For churches considering opening a new campus, the authors of "Multi-site" give a history of the development of the multi-site movement and an explanation of how this approach has already been used by God to expand the ministry of hundreds of churches. After getting a vision for what multi-site churches can do, the authors give a step-by-step explanation of how to pick new sites, campus pastors, ministry teams, and budget for the new location. Then after the first campus starts, the book offers advice to help churches with staff organizational structure, leadership development, and financing that is necessary to continue and expand the multiplication of sites.

"Multi-site" is worth reading even if you are not considering starting a new campus because it will help you to understand the philosophy behind the multi-site church that probably will soon be opening near you; a high percentage of the nation's largest and fastest growing churches are multi-site. Take it a look, it is worth reading.
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1 of 1 people found the following review helpful By Shawn Wood on August 8, 2008
Format: Paperback
If you are a church leader even thinking about multi-site, are multi-site or want to know what multi-site is - you need this book. Geoff Surratt, Greg Ligon and Warren Bird have put togther a Master's Degree in multi-site in a readable and enjoyable book.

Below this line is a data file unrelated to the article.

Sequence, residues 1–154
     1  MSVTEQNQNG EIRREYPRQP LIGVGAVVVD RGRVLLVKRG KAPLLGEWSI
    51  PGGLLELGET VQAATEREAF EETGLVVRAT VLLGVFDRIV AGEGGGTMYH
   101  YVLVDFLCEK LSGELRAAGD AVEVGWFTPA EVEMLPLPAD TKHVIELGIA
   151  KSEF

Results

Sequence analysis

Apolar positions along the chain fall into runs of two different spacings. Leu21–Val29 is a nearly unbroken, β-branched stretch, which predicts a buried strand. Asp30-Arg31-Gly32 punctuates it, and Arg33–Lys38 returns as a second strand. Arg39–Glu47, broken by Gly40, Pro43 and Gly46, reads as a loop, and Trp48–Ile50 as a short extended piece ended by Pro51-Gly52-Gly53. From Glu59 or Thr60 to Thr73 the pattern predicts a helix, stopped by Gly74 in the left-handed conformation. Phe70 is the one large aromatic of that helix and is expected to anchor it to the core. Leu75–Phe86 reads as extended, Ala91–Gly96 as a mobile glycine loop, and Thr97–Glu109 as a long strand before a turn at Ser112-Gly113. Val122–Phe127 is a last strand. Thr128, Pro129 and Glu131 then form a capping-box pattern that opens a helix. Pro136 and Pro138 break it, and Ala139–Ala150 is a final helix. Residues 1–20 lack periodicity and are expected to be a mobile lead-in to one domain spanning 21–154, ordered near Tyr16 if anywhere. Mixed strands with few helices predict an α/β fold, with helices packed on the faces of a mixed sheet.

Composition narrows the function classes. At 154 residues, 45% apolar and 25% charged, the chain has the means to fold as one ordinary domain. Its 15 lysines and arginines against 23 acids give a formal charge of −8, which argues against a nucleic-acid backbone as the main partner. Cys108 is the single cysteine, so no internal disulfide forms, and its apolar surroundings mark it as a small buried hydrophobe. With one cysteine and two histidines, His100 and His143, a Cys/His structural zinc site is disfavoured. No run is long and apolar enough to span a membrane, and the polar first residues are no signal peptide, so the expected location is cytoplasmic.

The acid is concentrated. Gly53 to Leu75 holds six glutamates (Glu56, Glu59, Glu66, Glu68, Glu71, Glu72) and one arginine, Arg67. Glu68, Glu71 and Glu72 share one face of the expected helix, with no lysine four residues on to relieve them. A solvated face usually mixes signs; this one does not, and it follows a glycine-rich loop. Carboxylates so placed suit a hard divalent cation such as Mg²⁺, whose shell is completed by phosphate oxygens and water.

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Format: Kindle Edition Amazon Verified Purchase
Overall I think this was a very good presentation of the multi site church concept. However, it did seem largely one sided in that it primarily focused on the benefits of the multi site concept while largely ignoring the drawbacks. The author clearly is a proponent of the concept, seemingly to the degree of believing that most churches should be doing this. I would have preferred a more balanced approach. Overall, a good, informational book but not great.
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Format: Paperback Amazon Verified Purchase
Great Book. Even if you are not considering being multi-site this book is very inspiring and challenging. Especially as you discover four reasons to go multi-site. More seats, more parking, no building payments and more souls won to Christ.
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Format: Kindle Edition Amazon Verified Purchase
Very clear and useful tool to plan a multi site church. must have these in your kindle if you are planning a revolution in your city
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By Amazon Customer on December 26, 2012
Format: Paperback Amazon Verified Purchase
A very practical book looking at the trend to multi-site church campuses. It is written well and has a lot great examples of how churches are doing multi-site.